The European Commission is brooding on easing state aid rules as the war in Ukraine continues. It polls the EU countries about this. In particular, the transition of gas and oil from Russia to alternative energy sources would require additional measures.
A month after the Russian invasion of Ukraine, the commission gave governments more room to help companies affected by it. But that extra space is not enough, she thinks.
The limits on direct state aid to war-affected companies could be raised, the committee suggests. She explicitly mentions farmers and fishermen. The more flexible support regime could apply to subsidies and other forms of aid, such as guarantees for lenders.
Furthermore, investments in sustainable energy must be encouraged to get out of the grip of energy supplier Russia, says European Commissioner Margrethe Vestager (Competition). To this end, tendering rules can be relaxed. For energy-saving projects or the transition from industry to renewable energy, in some cases, no tendering process at all would be necessary. SMEs and companies that use energy particularly efficiently could claim an extra reward.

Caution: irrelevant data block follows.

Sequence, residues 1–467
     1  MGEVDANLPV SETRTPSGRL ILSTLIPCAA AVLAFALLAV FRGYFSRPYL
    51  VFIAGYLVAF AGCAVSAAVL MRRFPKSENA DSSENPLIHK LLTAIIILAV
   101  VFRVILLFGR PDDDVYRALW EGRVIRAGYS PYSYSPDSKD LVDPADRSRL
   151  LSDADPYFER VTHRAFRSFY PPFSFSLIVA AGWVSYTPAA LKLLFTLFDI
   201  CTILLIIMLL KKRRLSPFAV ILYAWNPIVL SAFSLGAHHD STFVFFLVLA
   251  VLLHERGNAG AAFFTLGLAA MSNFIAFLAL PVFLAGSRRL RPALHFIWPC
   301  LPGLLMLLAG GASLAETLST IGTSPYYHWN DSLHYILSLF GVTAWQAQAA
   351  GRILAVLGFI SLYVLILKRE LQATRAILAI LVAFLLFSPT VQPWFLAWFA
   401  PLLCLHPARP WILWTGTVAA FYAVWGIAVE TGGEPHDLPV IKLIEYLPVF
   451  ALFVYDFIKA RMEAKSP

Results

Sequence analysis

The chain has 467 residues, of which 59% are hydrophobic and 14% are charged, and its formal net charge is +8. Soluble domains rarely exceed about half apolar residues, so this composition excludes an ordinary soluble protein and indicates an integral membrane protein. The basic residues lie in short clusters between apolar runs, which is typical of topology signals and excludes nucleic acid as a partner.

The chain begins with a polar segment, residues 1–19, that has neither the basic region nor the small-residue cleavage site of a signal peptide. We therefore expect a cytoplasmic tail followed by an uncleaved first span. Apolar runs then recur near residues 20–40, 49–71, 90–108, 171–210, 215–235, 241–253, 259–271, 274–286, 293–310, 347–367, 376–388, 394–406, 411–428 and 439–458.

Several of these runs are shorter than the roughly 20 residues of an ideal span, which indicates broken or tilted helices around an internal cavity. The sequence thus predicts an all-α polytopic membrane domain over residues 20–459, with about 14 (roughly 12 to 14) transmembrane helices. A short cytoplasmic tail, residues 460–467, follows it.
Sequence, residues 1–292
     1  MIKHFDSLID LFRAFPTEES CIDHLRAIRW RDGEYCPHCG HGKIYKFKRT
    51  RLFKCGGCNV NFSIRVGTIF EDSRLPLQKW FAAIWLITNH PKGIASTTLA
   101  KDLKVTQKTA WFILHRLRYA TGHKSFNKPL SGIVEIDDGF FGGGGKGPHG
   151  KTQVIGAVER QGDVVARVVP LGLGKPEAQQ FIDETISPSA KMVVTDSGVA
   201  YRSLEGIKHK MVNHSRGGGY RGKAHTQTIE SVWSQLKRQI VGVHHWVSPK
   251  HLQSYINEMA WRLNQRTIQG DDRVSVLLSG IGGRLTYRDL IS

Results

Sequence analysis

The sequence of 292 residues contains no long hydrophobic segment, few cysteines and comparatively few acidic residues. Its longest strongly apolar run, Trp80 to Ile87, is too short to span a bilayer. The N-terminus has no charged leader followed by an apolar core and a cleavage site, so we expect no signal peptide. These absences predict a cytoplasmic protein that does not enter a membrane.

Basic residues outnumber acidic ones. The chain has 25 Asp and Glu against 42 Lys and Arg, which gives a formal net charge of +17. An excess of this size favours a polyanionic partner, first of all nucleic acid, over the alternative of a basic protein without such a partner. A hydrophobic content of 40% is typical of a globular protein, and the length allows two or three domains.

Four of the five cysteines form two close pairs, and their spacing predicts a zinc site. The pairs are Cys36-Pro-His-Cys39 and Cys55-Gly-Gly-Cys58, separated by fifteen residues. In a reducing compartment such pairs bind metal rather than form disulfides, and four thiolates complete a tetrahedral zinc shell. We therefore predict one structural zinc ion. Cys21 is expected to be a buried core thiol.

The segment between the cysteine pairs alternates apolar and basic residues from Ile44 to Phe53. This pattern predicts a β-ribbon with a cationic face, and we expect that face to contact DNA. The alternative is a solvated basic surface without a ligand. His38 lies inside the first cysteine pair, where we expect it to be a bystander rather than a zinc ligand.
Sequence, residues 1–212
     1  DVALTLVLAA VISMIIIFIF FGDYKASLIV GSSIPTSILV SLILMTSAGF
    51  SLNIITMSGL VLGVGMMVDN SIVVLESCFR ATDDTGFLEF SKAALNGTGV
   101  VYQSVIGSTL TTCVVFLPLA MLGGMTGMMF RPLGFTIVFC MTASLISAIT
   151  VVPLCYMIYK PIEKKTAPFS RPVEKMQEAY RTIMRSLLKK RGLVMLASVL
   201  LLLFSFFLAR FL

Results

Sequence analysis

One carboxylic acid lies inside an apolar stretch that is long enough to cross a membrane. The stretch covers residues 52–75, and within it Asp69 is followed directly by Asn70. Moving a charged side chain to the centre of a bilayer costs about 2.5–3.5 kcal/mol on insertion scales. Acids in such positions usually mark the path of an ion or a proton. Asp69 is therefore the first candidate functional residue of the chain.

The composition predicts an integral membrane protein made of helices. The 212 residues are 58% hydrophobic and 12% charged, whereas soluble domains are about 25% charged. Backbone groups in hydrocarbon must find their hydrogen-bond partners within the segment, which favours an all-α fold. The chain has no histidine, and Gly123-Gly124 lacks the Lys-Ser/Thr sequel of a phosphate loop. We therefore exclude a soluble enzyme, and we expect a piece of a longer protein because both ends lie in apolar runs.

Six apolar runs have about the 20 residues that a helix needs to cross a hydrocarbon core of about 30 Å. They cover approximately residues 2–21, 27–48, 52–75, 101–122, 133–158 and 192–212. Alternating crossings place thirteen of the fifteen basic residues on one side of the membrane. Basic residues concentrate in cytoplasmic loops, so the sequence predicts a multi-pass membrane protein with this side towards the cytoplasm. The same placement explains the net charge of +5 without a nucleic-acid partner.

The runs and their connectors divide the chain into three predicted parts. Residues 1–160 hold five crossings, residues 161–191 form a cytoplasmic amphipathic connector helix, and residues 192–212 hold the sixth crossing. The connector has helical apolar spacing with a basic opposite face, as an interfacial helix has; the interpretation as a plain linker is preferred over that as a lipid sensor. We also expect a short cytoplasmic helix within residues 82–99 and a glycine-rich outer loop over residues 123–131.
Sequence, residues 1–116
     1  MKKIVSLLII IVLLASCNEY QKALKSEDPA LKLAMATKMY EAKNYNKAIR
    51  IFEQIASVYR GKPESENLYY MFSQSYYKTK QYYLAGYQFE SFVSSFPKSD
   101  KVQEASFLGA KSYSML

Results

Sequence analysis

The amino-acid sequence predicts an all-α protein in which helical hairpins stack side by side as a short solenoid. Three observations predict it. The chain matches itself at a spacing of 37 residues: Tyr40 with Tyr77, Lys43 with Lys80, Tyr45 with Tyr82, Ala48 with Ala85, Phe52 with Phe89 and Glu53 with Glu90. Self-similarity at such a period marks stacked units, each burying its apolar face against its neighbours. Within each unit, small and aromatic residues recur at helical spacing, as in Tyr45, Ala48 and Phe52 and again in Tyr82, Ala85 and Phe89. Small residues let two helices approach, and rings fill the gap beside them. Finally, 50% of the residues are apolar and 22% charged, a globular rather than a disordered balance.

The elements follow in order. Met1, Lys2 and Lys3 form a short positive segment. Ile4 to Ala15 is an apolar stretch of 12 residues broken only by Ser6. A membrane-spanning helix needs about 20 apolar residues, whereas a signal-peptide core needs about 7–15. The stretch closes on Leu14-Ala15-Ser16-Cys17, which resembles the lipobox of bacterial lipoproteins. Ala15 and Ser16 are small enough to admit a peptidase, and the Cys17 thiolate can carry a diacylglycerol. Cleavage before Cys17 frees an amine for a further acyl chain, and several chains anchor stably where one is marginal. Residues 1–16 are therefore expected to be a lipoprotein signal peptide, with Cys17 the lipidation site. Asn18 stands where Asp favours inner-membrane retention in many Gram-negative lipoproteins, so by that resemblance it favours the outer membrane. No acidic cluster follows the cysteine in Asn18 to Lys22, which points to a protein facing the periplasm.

The war and subsequent EU sanctions and Russian retaliation have hit some European companies hard. Companies have lost business or suppliers. Horticulturists and fishermen find themselves in a bind because of high heating costs and fuel prices. The committee, therefore, allowed the Member States to help companies, just like during the corona crisis.
For example, European competition rules should ensure that EU countries do not favour domestic companies so that they can outcompete rivals. But they can sometimes give way to remedy a disruption in the economy. The committee consults the EU countries and then takes a decision. The existing and additional relaxations would in principle apply until the end of the year.